Percy’s Poetics of Dwelling: The Dialogical Self and the Ethics of Reentry in The Last Gentleman and Lost in the Cosmos

In Leslie Marsh (ed.), Walker Percy, Philosopher. Springer Verlag. pp. 171-196 (2018)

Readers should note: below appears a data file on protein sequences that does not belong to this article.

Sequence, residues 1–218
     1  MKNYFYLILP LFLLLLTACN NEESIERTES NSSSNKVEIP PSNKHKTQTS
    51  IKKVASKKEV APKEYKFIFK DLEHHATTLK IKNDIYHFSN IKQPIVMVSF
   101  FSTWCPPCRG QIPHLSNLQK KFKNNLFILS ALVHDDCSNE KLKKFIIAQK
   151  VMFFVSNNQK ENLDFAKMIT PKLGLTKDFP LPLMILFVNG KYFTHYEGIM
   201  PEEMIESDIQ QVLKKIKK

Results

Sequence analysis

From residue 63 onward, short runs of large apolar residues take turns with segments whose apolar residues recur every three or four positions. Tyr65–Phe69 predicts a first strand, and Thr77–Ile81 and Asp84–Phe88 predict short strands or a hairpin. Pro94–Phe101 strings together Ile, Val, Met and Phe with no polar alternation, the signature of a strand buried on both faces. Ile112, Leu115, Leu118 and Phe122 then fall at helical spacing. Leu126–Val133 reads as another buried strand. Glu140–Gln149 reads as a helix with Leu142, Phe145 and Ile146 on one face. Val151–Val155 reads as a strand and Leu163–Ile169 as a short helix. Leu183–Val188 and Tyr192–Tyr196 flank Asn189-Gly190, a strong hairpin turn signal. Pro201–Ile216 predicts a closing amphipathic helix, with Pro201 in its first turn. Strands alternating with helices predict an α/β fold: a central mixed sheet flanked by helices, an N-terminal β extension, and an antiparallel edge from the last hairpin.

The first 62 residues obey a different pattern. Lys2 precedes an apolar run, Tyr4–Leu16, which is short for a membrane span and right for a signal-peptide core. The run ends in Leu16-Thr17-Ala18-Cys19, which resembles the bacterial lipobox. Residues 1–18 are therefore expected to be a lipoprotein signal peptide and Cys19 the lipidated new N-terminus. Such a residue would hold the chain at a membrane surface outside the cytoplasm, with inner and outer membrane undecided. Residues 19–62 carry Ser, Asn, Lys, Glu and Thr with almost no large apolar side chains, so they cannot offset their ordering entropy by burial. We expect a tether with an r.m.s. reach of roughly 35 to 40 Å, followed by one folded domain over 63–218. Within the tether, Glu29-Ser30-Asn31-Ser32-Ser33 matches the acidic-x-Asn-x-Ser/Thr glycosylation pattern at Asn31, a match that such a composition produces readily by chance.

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Christopher Yates explores how two of Walker Percy’s seminal texts call us to practice self-examination in a way that seeks to overcome deceptive clarities in our lives. It is misguided, he argues, to read the texts as ventures in surrealist exploration or pietistic moralizing. Instead, LG and LC are one project that centers on the predicament of human finitude by way of three phenomena: the dialogical unfolding of subjectivity and truth, the ethical summons of alterity, and the conversion of human inauthenticity to reflective dwelling. Yates makes his case by reading Percy’s works through the lens of philosophers Mikhail Bakhtin, Emmanuel Levinas, and Martin Heidegger. This approach fills a gap in Percy scholarship by explaining and securing the interrogative arc between Gentleman and Cosmos, and appreciating how Percy’s works enliven phenomenological accounts of human identity and knowledge.



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